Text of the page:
Last Christmas Eve just after dark, without warning, there was a power cut in our neighbourhood.
In our house our whole evening changed. Plans for a festive dinner and a movie were abandoned. We made sandwiches by torchlight and ate them nestled under blankets. We read with candles and kept busy with little jobs so that we didn’t think too much.
When I did think I could only worry and imagine the worst. What if the power didn’t come back on? Would everything in our fridge and freezer be ruined? Would we be able to celebrate Christmas the next day?
Over the course of a few hours the power kept coming back on and then shutting off abruptly. Then it stayed off again for a long time.
What now? What should we do?
For half an hour I just panicked. Then by torchlight I got out my notebook and wrote:
We’re fortunate enough to have torches. The power will get fixed at some point. We’re fortunate enough that we could buy more food if needed. We can still find a way to celebrate. We can find other options. It’s not ideal but we can figure it out. We will still have Christmas.
I felt better. I didn’t know what was going to happen, but I knew that whatever did happen we could do something.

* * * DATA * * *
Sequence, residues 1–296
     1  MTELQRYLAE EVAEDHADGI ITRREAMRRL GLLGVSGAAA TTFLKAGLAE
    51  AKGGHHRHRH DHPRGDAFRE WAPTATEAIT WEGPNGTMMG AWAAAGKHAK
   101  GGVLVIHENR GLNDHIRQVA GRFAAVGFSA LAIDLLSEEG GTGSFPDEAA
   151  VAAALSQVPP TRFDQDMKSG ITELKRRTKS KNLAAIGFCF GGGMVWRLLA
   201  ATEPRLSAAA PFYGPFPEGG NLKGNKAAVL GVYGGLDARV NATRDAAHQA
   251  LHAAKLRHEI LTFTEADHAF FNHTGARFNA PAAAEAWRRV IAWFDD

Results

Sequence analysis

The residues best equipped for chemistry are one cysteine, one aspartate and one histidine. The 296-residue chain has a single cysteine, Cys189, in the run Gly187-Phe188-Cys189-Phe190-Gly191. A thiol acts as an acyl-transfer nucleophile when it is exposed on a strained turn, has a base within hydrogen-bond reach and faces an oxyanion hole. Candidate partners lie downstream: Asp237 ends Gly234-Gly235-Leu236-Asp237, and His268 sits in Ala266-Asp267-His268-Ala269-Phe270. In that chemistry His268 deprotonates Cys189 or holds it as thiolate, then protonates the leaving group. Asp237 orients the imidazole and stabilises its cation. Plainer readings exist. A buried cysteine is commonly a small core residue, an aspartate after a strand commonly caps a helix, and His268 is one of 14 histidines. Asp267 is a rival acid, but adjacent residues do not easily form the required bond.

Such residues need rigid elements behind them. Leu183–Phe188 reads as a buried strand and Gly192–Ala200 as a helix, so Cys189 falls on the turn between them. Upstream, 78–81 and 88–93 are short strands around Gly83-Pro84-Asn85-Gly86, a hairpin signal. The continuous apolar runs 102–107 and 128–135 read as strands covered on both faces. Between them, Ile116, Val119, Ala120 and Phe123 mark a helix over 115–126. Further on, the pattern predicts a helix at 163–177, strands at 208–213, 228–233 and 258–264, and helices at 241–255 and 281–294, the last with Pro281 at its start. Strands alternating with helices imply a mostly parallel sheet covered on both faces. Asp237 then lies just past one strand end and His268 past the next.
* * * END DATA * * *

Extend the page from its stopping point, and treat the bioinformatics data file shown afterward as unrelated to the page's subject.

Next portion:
Moments later the power came back on and stayed on. I felt a little anxious for the next few hours that it would go off suddenly, but the problem was resolved. We went to bed and the next day was Christmas, just as we’d planned.
On Christmas Eve I was catastrophising the situation. Something went wrong, suddenly, and all I could do was imagine the situation getting worse and worse.
The power cut hit me out of the blue, completely unexpected, but for the viva some potential situations can be anticipated. And depending on how you view things, you could believe that you have a future catastrophe. What would you do?
You could forget something.
Your examiners could ask a tough question.
You could doubt yourself.
There could be a delay.
And so on. Lots of things could happen. They could happen. They might not. And even if they do they’re not totally beyond your power to resolve or do something about.
A delay could be uncomfortable, but you could find a way to use the time. If you doubt yourself at any point then you can find a way to remember the contribution you’ve made in your thesis and the talent you’ve developed as a researcher. A tough question or a forgotten detail will not disqualify you from achieving your PhD; taking a moment to think is probably all you need.
Expected and unexpected “catastrophes” are not always as terrible as they first appear. A problem or situation may not be as dire as it seems. Even when confronted with a tricky situation you have the talent and knowledge to do something.